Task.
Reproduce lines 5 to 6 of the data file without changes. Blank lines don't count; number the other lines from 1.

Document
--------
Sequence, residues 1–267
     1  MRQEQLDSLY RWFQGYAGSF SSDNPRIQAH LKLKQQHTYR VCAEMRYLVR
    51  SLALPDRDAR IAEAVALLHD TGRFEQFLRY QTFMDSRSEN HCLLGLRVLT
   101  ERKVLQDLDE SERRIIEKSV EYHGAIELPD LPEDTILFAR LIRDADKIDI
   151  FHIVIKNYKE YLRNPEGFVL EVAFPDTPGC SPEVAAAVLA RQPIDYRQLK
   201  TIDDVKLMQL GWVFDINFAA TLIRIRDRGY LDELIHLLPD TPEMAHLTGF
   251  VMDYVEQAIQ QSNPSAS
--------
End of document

   151  FHIVIKNYKE YLRNPEGFVL EVAFPDTPGC SPEVAAAVLA RQPIDYRQLK
   201  TIDDVKLMQL GWVFDINFAA TLIRIRDRGY LDELIHLLPD TPEMAHLTGF